Posted May 22 2012 9:33AM
OKLAHOMA CITY -- The crowd stood in full roar the final 16 seconds as the Thunder crossed half court and dribbled out the remnants of Game 5, a celebration that was longer and maybe louder than anything that had gone on before Monday night, if that's possible.
Kevin Durant walked from the bench down the sideline to share a handshake with the defeated Lakers coach, Mike Brown, as time was still running out. Daequan Cook stopped on his way to the locker room to sign a ticket stub for a fan, an uncommon act of kindness the likes of which are common here. General manager Sam Presti, content to stay in the background despite a starring role in the franchise ascension to title contender, stood among the customers at a corner of the court to shake hands and slap backs with players and staff as they exited the stage.
This was their moment of celebration, the players, management, coaches and fans. They defeated the Lakers in Game 5 at Chesapeake Energy Arena on Monday night and took the series. That is an important point.
This was the Thunder winning. Not the Lakers losing.
The Thunder played as the experience-heavy ones, the ones that knew how to play with composure on the biggest nights of the season. Oklahoma City's stars didn't have to be prodded to play hard before it was too late. They played sleek and scrappy. The Thunder became the Lakers.
That may get lost outside of the state in the next few days. While the newly eliminated Lakers are dissected nationally for their failures, the Thunder will go silent while prepping for Sunday in San Antonio and the start of the Western Conference finals.
But the Thunder made this happen.
Four wins in five tries. Two resounding wins, including the 106-90 Game 5 victory despite 42 points from Kobe Bryant in the gym rightly known as Loud City (population: 18,203). Two clutch wins while handling the pressure late in the fourth quarter that their opponent did not.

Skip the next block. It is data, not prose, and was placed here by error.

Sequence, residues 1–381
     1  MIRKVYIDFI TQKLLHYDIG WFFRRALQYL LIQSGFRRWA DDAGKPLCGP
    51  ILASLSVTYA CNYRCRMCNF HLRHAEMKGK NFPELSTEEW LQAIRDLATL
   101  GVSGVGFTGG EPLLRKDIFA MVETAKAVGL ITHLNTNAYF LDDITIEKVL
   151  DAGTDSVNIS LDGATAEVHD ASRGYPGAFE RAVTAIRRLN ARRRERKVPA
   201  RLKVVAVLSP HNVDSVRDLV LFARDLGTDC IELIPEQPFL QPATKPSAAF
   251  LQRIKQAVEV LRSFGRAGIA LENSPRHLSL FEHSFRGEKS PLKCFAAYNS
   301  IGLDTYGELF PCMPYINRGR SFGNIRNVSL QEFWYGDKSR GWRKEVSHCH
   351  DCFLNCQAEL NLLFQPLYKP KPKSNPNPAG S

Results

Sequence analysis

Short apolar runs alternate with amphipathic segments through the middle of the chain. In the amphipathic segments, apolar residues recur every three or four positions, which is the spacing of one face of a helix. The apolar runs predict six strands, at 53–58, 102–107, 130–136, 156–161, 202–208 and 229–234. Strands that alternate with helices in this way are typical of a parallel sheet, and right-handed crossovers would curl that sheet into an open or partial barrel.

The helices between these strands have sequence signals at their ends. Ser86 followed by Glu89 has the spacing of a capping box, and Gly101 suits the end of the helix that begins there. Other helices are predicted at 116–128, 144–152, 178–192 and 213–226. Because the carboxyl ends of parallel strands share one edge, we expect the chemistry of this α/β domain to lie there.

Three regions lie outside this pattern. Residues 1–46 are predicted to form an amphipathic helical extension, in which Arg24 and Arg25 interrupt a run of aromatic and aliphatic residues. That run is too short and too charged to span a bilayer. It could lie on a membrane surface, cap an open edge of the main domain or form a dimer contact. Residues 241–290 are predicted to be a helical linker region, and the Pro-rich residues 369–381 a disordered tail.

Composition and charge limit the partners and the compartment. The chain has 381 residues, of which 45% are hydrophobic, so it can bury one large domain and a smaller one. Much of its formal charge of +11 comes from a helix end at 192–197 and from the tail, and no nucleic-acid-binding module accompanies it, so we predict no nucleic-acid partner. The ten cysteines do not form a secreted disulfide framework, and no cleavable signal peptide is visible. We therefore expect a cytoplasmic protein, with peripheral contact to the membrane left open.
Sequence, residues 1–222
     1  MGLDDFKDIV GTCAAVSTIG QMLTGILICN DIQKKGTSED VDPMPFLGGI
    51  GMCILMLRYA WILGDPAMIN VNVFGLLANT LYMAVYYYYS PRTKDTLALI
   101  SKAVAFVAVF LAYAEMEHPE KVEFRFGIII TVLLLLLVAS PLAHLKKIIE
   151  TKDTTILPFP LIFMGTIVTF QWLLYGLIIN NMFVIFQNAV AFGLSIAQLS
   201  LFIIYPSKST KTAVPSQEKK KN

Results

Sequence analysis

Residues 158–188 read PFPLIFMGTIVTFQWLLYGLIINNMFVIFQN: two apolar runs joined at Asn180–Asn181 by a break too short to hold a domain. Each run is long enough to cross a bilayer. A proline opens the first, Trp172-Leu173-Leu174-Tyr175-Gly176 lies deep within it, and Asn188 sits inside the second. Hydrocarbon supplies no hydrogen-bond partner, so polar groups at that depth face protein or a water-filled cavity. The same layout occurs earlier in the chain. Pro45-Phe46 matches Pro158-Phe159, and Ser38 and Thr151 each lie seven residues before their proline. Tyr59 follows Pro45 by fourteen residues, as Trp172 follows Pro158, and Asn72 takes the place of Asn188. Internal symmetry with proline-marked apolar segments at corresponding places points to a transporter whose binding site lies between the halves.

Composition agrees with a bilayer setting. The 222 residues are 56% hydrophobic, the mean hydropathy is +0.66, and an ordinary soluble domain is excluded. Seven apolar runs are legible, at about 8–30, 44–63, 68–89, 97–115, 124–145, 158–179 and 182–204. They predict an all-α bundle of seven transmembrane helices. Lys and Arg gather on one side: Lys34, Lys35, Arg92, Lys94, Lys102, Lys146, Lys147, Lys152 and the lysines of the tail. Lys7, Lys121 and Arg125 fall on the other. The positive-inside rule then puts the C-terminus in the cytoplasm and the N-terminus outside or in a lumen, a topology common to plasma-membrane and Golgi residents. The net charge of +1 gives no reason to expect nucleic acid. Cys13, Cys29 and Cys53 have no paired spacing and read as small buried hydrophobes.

"I don't know if it is extra satisfaction," said Derek Fisher, the former Laker and current Thunder backup point guard. "But for a team like ours that is continuing to develop, the ability to close games, be smart down the stretch, understand shot selection, which shots to take and which shots not to take down the stretch, I think it helps you to feel confident about your abilities to not just win in the first round or the second round, but to win any game that you need to win as long as you're playing smart and playing good defense."
Which makes them very ready for the Spurs, the hottest team in the league.
"We obviously have some days here ahead of us to continue to prepare," Fisher said. "It's a great opportunity to improve. In my experience, what has separated some of the teams I've been on from others is our ability to improve actually during the playoffs. We have several days here to get better and keep working hard."
Sweeping the Mavericks in the first round was impressive, with fourth-quarter survival then as well. But the semifinal victory against the Lakers was even more telling.
Now the Thunder know exactly what it takes to advance to The Finals. They know because they were almost there a year ago, only to be eliminated by championship-bound Dallas. They especially know because the Thunder just handled the Lakers the way a legit title contender should.
"The experience that we had last year can help, but we still have to go out and execute the game plan and play well and get some great defensive possessions and make shots," coach Scott Brooks said. "We know San Antonio is probably playing the best -- well, they are. They're playing the best basketball for the last three months of the season."
That's the part that will not get lost the next few days, about how the deep, talented Spurs are refueling in advance of Sunday. It is the biggest challenge yet of these playoffs for Oklahoma City.
But at least they have the new confidence of beating two other teams, the Mavericks and Lakers, with championship experience.
That wasn't so much the Lakers losing Monday night, after all. That was the Thunder winning.
The views on this page do not necessarily reflect the views of the NBA, its clubs or Turner Broadcasting.
|GameTime: Learning from the Czar|
Former NBA player Pooh Jeter talks about what it's like to learn from and play for coach Mike Fratello.
|GameTime: Sekou's FIBA Update|
Sekou Smith gives an update on the situation in the Ukraine and talks about team USA's play.
|FIBA: Day Three Wrap|
Check out the best basketball that summer has to offer in the FIBA Day Three Wrap.
|Season Top 10: John Wall|
Relive the top 10 plays from the 2013-14 NBA season from Wizards' guard John Wall.
|Season Top 10: DeMar DeRozan|
Relive the top 10 plays from the 2013-14 NBA season from Raptors' guard DeMar DeRozan.